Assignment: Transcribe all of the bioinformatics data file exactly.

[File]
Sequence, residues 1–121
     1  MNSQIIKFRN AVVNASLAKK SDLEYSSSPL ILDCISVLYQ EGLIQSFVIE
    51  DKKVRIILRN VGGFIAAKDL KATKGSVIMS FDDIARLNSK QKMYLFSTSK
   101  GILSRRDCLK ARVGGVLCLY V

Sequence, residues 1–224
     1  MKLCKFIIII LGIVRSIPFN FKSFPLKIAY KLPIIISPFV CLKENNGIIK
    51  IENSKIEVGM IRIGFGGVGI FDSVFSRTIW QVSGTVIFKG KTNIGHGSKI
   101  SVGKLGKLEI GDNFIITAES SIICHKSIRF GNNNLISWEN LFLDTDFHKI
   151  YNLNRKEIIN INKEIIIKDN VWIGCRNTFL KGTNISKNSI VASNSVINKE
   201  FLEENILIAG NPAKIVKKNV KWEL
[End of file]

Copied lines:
Sequence, residues 1–121
     1  MNSQIIKFRN AVVNASLAKK SDLEYSSSPL ILDCISVLYQ EGLIQSFVIE
    51  DKKVRIILRN VGGFIAAKDL KATKGSVIMS FDDIARLNSK QKMYLFSTSK
   101  GILSRRDCLK ARVGGVLCLY V

Sequence, residues 1–224
     1  MKLCKFIIII LGIVRSIPFN FKSFPLKIAY KLPIIISPFV CLKENNGIIK
    51  IENSKIEVGM IRIGFGGVGI FDSVFSRTIW QVSGTVIFKG KTNIGHGSKI
   101  SVGKLGKLEI GDNFIITAES SIICHKSIRF GNNNLISWEN LFLDTDFHKI
   151  YNLNRKEIIN INKEIIIKDN VWIGCRNTFL KGTNISKNSI VASNSVINKE
   201  FLEENILIAG NPAKIVKKNV KWEL